Since the coronavirus pandemic, ‘Click & Collect’ has really taken off. A shopper’s right of withdrawal here depends on their contractual method of payment. If an item was bought online, the right to cancel as stipulated above applies – irrespective of payment or collection method. If goods were only reserved online and purchased i.e., paid for in-store, the statutory right of withdrawal does not apply.
Consumer cancellation rights: how to cancel an item
If you made a purchase and wish to withdraw, you must notify the seller of your decision in writing. You don’t need to give them a reason. Many retailers provide a withdrawal form online or enclosed with the delivered goods. Fill out and sign the form and place it in the package with the goods to return before shipping your return ideally via tracked mail services or email. You should ask for a written confirmation of your return.
Optionally, you can withdraw your consent to the processing of personal data.
If no cancellation form is enclosed with the goods received, you can use the following template as a guide. In your email or letter, enter your address and that of the business or store, your customer and/or order number and the date of your purchase.
Subject: Return of goods
Dear [company name]
Herewith, I would like to revoke the contract I concluded [insert description goods, date, item number]. Please issue written confirmation of my cancellation.
Cooling-off period and return deadlines
The law provides for a cancellation period of 14 days. However, a cooling-off period does not begin until buyers have received their goods. As such, goods received, for example, on the 10th of the month may be returned until the 24th. On the other hand, if buyers concluded a contract for a service, for example, a new broadband installation, the cooling-off period begins with the day of conclusion of the contract.
In principle, weekends and public holidays count towards the deadline, but the period may not end on a Saturday, Sunday, or public holiday. If this is the case, the end of the deadline is postponed to the next working day.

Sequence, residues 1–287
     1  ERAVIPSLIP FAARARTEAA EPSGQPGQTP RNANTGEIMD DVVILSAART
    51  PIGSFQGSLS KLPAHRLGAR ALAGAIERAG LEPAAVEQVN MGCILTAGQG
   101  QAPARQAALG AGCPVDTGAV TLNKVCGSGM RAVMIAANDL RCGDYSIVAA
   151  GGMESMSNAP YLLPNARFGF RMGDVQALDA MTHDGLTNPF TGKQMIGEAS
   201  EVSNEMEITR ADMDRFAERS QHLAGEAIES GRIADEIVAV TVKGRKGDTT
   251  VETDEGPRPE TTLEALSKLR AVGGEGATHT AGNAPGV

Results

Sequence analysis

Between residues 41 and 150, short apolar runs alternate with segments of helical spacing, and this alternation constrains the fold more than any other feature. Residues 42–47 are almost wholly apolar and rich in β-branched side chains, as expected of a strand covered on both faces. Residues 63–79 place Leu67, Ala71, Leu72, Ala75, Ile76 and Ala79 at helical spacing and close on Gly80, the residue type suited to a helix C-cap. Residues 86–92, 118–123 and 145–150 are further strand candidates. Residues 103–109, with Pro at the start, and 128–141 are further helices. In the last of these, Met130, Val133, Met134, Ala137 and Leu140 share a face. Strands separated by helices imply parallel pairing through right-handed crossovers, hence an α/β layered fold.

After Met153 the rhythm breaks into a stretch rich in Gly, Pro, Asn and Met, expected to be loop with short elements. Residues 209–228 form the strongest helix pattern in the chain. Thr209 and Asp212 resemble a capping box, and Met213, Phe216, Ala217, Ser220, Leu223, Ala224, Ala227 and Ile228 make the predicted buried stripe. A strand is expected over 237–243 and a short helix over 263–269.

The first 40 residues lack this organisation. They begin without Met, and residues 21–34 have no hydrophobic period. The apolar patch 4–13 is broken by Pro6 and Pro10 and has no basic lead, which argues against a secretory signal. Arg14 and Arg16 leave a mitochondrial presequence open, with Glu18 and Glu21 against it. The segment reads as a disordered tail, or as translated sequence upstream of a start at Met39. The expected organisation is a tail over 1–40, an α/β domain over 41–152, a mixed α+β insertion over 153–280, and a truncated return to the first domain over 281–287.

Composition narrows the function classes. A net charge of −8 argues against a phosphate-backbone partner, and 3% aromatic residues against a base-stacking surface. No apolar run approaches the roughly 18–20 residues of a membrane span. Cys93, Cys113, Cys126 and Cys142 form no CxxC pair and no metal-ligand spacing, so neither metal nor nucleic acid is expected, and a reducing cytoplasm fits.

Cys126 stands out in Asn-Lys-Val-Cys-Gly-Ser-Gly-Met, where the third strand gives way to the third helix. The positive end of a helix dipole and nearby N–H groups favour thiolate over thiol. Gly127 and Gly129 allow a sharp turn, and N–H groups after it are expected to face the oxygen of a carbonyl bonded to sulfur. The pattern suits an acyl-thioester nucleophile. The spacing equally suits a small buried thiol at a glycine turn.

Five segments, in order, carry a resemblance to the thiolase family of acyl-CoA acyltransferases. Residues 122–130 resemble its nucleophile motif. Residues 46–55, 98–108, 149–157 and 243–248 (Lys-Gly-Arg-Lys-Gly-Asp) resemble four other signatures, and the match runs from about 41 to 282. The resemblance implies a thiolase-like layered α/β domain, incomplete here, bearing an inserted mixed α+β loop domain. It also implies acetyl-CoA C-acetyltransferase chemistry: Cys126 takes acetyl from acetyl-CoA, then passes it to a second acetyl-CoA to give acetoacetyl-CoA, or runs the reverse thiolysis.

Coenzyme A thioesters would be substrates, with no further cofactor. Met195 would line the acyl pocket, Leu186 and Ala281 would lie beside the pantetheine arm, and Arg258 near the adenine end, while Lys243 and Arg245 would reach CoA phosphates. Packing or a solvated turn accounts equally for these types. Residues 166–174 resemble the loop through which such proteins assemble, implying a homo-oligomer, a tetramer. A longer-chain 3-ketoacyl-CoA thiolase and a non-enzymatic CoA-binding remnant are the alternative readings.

Exceptions to right of withdrawal
Aside from purchases made in-store, cancellation rights do not apply to the following:
- Accommodation, transport, or other services provided for on a specific date
- Food and drink deliveries
- Travel packages
- Premium telephone services
- Customised items, i.e., goods manufactured to a customer’s specifications
- Perishable goods
- Unreturnable items
- Recordings, music downloads, software
- Newspapers and magazines
- Financial market goods affected by market fluctuations
In addition, there are some instances where a buyer’s right to return expires:
- A buyer can no longer withdraw from a transaction if they concluded a contract for a service that has already been provided in full ahead of its deadline. However, this option must have been included in writing upfront.
- Purchase of digital content such as movies. Once a download concludes or a stream begins, the purchase is final.
- Sealed items: once a seal is broken the item cannot be returned.
- In case of sealed or packaged goods that can subsequently no longer be sold for health and hygiene reasons. Underwear and swimwear, however, must usually be accepted for return under a buyer’s statutory rights.
After a buyer invokes their right to return
Once a buyer cancels a sale, they must return the unused goods to the retailer within 14 days. Some goods need not be returned in their original packaging.
After return of the goods, the merchant will issue a refund of the full purchase price plus original shipping costs. Additional costs, for example for an express delivery, are excluded from a refund. In some cases, buyers assume the cost to ship a return. However, many business sellers provide the option for shoppers to return their goods free of charge to promote brand loyalty.
Goods damaged by a buyer or those otherwise reduced in value before a return may incur compensation from a seller. However, this does not apply to unpacking and testing an item or trying it on. For example, a buyer can assemble furniture or set up a new television without giving the retailer reason for a claim for compensation. In the case of services, you only have to pay for the expenses that were demonstrably incurred up to the time of withdrawal.
Please note the legal disclaimer relating to this article.